Study shows AI predicts tumor-killing cells with high accuracy

Researchers develop artificial intelligence that predicts tumor-killing cells with high accuracy

TRTpred, a sensitive in silico predictor of tumor-reactive clonotypes. Credit: Biotechnology of nature (2024). DOI: 10.1038/s41587-024-02232-0

Using artificial intelligence, Ludwig Cancer Research scientists have developed a powerful predictive model to identify the most powerful cancer-killing immune cells for use in cancer immunotherapies.

Combined with additional algorithms, the predictive model, described in the current issue of the journal Biotechnology of natureit can be applied to personalized cancer treatments that tailor therapy to the unique cellular makeup of each patient’s tumors.

“The implementation of artificial intelligence in cell therapy is new and can be a game changer, offering new clinical options to patients,” said Alexandre Harari of Ludwig Lausanne, who led the study with the postgraduate student Rémy Pétremand.

Cellular immunotherapy involves extracting immune cells from a patient’s tumor, optionally engineering them to enhance their natural cancer-fighting abilities, and reintroducing them into the body after they have been expanded in culture. T cells are one of two main types of white blood cells, or lymphocytes, that circulate in the blood and patrol for virus-infected or cancerous cells.

T cells that infiltrate solid tumors are known as tumor-infiltrating lymphocytes, or TILs. However, not all TILs are effective in recognizing and attacking tumor cells.

“Only a fraction is actually reactive to the tumor — the majority are bystanders,” Harari explained. “The challenge we faced was to identify the few TILs that are equipped with T-cell receptors capable of recognizing tumor antigens.”

To do this, Harari and his team developed a new AI-based predictive model, called TRTpred, which can classify T-cell receptors (TCRs) based on their tumor reactivity. To develop TRTpred, they used 235 TCRs collected from patients with metastatic melanoma, already classified as tumor-reactive or non-reactive.

The team loaded the global gene expression (or transcriptomic) profiles of T cells bearing each TCR into a machine learning model to identify patterns that differentiate tumor-reactive T cells from inactive counterparts .

“TRTpred can learn from a population of T cells and create a rule that can then be applied to a new population,” Harari explained. “Therefore, when confronted with a new TCR, the model can read its transcriptomic profile and predict whether it is reactive to the tumor or not.”

The TRTpred model analyzed TILs from 42 melanoma and gastrointestinal, lung, and breast cancer patients and identified tumor-reactive TCRs with approximately 90 percent accuracy. The researchers further refined their TIL selection process by applying a secondary algorithmic filter to detect only those tumor-reactive T cells with “high avidity,” meaning those that bind strongly to tumor antigens.

“TRTpred is uniquely a predictor of whether a TCR is reactive in the tumor or not,” Harari explained. “But some tumor-reactive TCRs bind very strongly to tumor cells and are therefore very effective, while others only do so lazily. Distinguishing strong binders from weak ones translates into efficacy.” .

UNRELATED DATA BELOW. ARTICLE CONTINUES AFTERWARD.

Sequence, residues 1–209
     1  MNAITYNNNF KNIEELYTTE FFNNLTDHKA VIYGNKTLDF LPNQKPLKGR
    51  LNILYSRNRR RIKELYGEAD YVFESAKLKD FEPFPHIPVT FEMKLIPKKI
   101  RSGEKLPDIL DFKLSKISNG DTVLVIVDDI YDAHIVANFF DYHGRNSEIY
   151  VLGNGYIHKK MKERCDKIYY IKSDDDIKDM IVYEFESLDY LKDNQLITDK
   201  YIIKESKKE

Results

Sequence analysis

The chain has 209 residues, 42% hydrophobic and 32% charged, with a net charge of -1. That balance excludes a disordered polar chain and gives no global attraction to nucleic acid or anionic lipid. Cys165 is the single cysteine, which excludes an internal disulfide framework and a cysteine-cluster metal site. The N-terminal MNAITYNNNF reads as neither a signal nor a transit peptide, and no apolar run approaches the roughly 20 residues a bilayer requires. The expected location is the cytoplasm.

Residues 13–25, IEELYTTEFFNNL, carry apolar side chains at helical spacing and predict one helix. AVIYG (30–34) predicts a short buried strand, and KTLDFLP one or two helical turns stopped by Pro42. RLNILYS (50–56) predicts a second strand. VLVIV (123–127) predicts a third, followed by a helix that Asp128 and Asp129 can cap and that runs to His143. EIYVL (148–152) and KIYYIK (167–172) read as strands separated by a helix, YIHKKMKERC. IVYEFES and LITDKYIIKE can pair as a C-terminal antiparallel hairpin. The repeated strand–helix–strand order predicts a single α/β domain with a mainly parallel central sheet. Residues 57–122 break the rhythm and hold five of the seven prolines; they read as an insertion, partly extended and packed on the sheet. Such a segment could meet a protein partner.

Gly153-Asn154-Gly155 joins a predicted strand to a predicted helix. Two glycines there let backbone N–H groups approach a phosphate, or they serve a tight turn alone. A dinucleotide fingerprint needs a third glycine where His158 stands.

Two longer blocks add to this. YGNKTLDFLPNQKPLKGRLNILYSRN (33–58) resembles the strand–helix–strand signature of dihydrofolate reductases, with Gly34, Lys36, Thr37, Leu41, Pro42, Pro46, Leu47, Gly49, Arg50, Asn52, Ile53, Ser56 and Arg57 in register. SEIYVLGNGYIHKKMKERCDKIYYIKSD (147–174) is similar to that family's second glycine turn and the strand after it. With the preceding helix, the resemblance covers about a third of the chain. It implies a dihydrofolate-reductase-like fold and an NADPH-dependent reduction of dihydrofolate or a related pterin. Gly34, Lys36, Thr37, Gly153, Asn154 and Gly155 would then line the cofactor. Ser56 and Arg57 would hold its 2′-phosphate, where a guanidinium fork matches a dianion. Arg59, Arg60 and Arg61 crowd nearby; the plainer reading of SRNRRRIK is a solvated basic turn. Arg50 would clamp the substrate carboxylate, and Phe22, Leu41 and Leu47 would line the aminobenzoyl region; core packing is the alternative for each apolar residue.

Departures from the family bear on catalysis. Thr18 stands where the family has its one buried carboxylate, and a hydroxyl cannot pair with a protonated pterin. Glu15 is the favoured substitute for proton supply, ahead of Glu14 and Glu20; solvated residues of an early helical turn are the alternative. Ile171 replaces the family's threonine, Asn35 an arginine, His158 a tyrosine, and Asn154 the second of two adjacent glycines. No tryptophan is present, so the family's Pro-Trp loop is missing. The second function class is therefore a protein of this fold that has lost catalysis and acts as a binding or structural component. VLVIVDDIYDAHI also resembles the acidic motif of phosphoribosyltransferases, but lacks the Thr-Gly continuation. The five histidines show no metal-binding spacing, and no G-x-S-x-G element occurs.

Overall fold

The researchers showed that T cells marked by TRTpred and the secondary algorithm as tumor-reactive and with high avidity were more often found embedded within tumors rather than in the adjacent supporting tissue, known as stroma. This finding aligns with other research showing that effective T cells typically penetrate deep into tumor islets.

The team then introduced a third filter to maximize recognition of various tumor antigens. “What we want to do is maximize the chances of TILs targeting as many different antigens as possible,” Harari said.

This final filter organizes TCRs into groups based on similar physical and chemical characteristics. The researchers hypothesized that the TCRs in each cluster recognize the same antigen. “So we choose within each cluster one TCR to amplify, so we maximize the chances of different antigen targets,” said Vincent Zoete, a computational scientist at Ludwig Lausanne who developed the TCR avidity and clustering algorithms. TCR

The researchers call the combination of TRTpred and algorithmic filters MixTRTpred.

To validate their approach, Harari’s team grew human tumors in mice, extracted TCRs from their TILs, and used the MixTRTpred system to identify T cells that were reactive to the tumor, had high avidity, and directed multiple tumor antigens. They then engineered T cells from mice to express these TCRs and showed that these cells could eliminate tumors when transferred to mice.

“This method promises to overcome some of the shortcomings of current TIL-based therapy, especially for patients suffering from tumors that do not respond to these therapies today,” said Ludwig Lausanne director George Coukos, co-author of the study that plans to launch a Phase I clinical trial that will test the technology in patients.

“Our joint efforts will yield an entirely new type of T-cell therapy.”

More information:
Rmy Ptremand et al, Identification of clinically relevant T-cell receptors for personalized T-cell therapy using combinatorial algorithms, Biotechnology of nature (2024). DOI: 10.1038/s41587-024-02232-0

Provided by Ludwig Cancer Research

Summons: AI predicts tumor-killing cells with high accuracy, study shows (2024, May 7) Retrieved May 7, 2024, from tumor-cells-high-accuracy.html

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